"Chevron's filing today should not come as a surprise. The overt conduct of Ecuador's government and judicial branch disregards Ecuadorian law, international obligations, and Chevron's basic right to a fair hearing," Pate added. "Ecuador's actions violate Texaco Petroleum's agreements with Ecuador as well as the Bilateral Investment Treaty's guarantee of fair and equitable treatment for U.S. investors."

Chevron is not alone in highlighting the demise of Ecuador's judiciary as well as the government's hostility towards foreign investors. In February 2009, the United States Department of State released its Investment Climate Statement for Ecuador which states, "Systemic weakness and susceptibility to political or economic pressures in the rule of law constitute the most important problem faced by U.S. companies investing in or trading with Ecuador." The report goes on to state that "Corruption is a serious problem in Ecuador," and that, "The courts are often susceptible to outside pressure and bribes. Neither Congressional oversight nor internal judicial branch mechanisms have shown a consistent capacity to effectively investigate and discipline allegedly corrupt judges."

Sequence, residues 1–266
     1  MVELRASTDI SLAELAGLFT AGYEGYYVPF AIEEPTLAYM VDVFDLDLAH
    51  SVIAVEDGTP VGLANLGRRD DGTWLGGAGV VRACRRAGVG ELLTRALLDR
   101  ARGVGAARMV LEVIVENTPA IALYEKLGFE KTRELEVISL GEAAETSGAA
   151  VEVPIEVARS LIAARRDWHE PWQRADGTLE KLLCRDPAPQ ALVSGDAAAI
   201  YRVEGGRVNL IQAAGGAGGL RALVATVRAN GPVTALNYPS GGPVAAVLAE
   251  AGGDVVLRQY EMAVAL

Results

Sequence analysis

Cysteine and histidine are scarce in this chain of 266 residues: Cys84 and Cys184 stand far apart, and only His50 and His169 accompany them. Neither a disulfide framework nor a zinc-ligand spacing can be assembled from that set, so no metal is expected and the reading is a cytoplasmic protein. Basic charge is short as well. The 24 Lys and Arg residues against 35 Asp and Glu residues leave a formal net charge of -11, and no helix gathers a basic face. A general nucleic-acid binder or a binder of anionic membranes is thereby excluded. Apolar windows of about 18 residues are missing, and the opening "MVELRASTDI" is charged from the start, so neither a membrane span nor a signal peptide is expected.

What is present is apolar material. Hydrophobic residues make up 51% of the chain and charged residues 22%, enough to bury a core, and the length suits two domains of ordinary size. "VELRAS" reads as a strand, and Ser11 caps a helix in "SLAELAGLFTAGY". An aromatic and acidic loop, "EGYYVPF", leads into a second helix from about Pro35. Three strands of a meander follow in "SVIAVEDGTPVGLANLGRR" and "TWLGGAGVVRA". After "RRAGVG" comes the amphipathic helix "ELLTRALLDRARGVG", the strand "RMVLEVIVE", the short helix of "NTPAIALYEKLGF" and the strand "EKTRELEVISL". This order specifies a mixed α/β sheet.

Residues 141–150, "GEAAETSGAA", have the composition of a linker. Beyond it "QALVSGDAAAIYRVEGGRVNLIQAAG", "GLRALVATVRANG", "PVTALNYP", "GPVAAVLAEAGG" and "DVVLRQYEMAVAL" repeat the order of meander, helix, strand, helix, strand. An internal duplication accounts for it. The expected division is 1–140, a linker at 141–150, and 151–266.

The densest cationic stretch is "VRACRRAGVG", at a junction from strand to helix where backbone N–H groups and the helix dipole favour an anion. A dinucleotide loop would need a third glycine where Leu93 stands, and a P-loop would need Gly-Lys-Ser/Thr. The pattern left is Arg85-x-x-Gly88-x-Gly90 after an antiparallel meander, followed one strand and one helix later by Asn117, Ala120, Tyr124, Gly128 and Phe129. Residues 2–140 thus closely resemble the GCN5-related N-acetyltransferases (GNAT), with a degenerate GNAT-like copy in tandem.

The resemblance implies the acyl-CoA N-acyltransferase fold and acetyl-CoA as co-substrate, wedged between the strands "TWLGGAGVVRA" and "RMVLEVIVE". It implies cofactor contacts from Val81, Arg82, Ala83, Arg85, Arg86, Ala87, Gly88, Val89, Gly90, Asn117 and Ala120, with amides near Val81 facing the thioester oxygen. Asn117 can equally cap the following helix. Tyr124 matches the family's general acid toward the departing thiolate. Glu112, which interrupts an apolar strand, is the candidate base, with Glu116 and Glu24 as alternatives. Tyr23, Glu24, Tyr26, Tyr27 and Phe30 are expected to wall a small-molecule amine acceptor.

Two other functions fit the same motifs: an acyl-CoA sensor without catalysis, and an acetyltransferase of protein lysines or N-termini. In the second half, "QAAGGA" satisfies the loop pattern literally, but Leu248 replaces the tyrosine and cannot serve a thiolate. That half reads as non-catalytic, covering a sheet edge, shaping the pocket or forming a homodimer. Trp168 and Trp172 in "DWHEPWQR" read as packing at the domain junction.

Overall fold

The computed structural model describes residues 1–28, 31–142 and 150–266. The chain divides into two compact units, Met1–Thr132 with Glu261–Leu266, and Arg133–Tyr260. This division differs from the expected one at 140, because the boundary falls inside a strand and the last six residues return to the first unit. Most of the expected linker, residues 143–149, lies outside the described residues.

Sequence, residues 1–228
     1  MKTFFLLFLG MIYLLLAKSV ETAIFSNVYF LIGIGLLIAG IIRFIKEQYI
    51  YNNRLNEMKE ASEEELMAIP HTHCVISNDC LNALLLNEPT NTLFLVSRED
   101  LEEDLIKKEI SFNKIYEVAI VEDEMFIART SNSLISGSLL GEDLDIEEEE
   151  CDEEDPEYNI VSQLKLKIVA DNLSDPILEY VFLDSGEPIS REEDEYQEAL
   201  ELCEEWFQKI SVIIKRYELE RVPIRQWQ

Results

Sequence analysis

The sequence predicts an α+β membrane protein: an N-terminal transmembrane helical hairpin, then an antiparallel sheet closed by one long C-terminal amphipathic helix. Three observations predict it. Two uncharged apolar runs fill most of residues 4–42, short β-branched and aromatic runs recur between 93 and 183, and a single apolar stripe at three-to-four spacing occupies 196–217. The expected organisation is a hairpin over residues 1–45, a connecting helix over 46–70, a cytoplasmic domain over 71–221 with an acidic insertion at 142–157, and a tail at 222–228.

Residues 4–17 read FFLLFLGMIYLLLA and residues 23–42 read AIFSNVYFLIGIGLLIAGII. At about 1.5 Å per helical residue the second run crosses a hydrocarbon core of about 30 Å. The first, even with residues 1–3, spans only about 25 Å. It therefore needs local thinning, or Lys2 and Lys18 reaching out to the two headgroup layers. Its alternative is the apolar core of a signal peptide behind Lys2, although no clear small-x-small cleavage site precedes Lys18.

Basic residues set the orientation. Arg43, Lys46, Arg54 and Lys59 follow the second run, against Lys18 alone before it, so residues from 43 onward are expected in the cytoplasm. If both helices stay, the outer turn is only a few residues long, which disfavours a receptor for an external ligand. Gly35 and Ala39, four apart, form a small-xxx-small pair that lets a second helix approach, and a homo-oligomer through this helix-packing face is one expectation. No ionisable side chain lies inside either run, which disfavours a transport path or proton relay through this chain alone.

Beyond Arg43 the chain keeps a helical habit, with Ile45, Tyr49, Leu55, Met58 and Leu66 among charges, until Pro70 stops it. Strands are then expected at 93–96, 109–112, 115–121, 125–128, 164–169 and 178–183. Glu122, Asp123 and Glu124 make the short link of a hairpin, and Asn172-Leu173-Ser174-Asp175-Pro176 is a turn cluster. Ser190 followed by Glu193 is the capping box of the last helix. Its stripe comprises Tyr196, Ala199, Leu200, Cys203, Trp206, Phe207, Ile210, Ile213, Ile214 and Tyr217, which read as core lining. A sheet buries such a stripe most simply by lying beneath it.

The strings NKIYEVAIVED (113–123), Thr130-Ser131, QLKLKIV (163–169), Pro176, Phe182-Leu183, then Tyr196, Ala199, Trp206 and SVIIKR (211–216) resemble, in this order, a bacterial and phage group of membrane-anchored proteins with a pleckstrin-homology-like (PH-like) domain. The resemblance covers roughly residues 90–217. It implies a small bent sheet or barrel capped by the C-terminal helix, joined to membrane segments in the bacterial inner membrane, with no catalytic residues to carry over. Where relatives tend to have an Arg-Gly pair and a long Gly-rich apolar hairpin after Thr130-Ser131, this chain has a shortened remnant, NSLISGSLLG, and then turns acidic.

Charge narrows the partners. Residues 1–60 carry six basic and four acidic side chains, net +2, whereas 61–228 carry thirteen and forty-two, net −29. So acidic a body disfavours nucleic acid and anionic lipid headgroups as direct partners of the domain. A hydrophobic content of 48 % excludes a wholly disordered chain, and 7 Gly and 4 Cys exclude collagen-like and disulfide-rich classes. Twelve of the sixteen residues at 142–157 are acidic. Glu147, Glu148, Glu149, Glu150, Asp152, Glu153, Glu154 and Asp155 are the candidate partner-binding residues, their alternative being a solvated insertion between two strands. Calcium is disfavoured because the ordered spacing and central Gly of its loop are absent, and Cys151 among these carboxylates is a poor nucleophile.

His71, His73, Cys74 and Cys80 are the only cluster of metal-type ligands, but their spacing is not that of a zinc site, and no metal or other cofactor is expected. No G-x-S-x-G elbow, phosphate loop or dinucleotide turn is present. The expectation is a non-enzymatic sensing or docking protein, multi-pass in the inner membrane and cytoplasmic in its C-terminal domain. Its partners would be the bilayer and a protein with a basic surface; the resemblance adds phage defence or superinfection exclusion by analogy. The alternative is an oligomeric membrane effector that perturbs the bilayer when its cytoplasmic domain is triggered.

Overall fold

Chevron's notice of arbitration has been delivered to the Attorney General of Ecuador, as well as Ecuador's President and Ambassador to the United States. Upon appointment of the arbitrators to hear the case, the tribunal will establish a schedule for briefings and arguments on the merits. Copies of the petition in English and Spanish, as well as related materials, can be found at

Chevron Corporation is one of the world's leading integrated energy companies, with subsidiaries that conduct business worldwide. The company's success is driven by the ingenuity and commitment of more than 62,000 employees who operate across the energy spectrum. Chevron explores for, produces and transports crude oil and natural gas; refines, markets and distributes transportation fuels and other energy products; manufactures and sells petrochemical products; generates power and produces geothermal energy; provides energy efficiency solutions; and develops the energy resources of the future, including biofuels and other renewables. Chevron is based in San Ramon, Calif. More information about Chevron is available at

Published: September 2009